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January 10, 2018

Those Drug Prices ... Oh, My Goodness!

IPI expert referenced: Merrill Matthews | In The News | Media Hit
  One News Now

By Chris Woodward

It's an issue of bipartisan concern, but what can be done to fix prescription drug prices?

Liberals have talked about the need for price controls – and even President Trump has talked about the need for government drug price negotiations for Medicare and Medicaid. Still, many conservatives and free-market advocates warn these methods would do more harm than good, perhaps resulting in less research and development for drugs.

Matthews shares which of those ideas stand out to him."The good news is that Dr. Scott Gottlieb has been approved and is now running the Food and Drug Administration," says Merrill Matthews, PhD of the Institute for Policy Innovation. "He has a number of ideas and he's been a free-market supporter for some time."

"[Dr. Gottlieb] wants to increase the competition of generics – make sure that generics have a faster pathway to get out and be approved so that they can begin to lower those prices," he says. "He's looking at some other financing methods for various drugs. And then the drug companies themselves are moving to some new models, one which essentially is pay-for-success."

He explains under that model, if a physician prescribes an expensive drug that does not meet the patient's needs or "hit certain markers" that are set beforehand, the patient isn't required to pay for the drug.

In the meantime, Matthews doesn't see drug prices coming down.

"They're increasingly focusing on the smaller populations with difficult diseases," he explains. "But that's what you want: you want the drug companies addressing those issues. But [in doing that] and when you have these failures, they get added in – so it makes it very expensive."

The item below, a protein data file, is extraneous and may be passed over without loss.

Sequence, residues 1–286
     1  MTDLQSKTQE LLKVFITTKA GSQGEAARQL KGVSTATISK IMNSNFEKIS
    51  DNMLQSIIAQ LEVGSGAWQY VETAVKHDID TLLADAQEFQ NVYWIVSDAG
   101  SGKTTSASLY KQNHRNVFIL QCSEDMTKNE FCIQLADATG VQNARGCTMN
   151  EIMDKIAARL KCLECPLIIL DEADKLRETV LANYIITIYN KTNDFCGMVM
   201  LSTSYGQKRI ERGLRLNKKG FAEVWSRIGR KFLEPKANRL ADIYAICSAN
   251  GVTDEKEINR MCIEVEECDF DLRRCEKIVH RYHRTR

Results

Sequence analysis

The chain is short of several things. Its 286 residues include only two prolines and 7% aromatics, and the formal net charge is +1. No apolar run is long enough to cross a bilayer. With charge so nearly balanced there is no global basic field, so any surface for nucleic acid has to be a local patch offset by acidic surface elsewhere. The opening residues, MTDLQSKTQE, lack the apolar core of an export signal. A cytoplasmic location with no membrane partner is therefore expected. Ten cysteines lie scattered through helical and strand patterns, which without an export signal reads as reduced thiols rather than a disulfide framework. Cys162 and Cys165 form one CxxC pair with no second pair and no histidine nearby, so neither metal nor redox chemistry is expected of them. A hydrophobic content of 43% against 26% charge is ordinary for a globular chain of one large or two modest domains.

Case in point: Pfizer's decision to halt research into new drugs for Alzheimer's and Parkinson's disease.

"Pfizer had devoted hundreds of millions of dollars to find a cure or at least the ability to be able to diminish the impact of the disease, [but] they've come to the conclusion they don't think they're going to be successful anytime soon. So they decided to pull that research money away from that, and they're letting 300 employees go that have been dedicated to that research," Matthews adds.

While he acknowledges that scenario is hard for those suffering from that disease, he says it's also hard on the developers of the drug. "... Because that means the money they were spending on that [research] won't be recouped from new drugs," he concludes. "That money is going to have to be transferred over to the other research and development costs ... and that will be added into the costs of other drugs."


 

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